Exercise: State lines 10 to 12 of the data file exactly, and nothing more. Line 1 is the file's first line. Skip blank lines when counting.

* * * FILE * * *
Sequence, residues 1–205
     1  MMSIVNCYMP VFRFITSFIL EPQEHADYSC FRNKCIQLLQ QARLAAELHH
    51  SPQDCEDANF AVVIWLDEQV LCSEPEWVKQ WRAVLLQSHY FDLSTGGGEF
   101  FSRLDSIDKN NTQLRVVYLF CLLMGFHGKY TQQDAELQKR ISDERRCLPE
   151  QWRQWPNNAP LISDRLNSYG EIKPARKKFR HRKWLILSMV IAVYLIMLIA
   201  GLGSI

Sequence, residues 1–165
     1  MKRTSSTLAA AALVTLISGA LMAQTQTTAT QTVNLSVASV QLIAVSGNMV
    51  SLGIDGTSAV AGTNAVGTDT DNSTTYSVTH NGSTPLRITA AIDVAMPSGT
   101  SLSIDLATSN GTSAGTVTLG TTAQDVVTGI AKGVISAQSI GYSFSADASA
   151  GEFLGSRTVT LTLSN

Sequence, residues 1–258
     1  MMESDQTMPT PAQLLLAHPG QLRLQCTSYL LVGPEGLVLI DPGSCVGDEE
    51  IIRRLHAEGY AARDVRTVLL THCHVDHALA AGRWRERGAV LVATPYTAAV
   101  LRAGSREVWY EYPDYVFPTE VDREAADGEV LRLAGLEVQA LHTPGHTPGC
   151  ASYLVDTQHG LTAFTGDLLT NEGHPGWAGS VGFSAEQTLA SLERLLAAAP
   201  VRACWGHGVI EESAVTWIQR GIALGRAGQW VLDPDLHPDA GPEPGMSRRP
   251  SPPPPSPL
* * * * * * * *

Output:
   101  SLSIDLATSN GTSAGTVTLG TTAQDVVTGI AKGVISAQSI GYSFSADASA
   151  GEFLGSRTVT LTLSN

Sequence, residues 1–258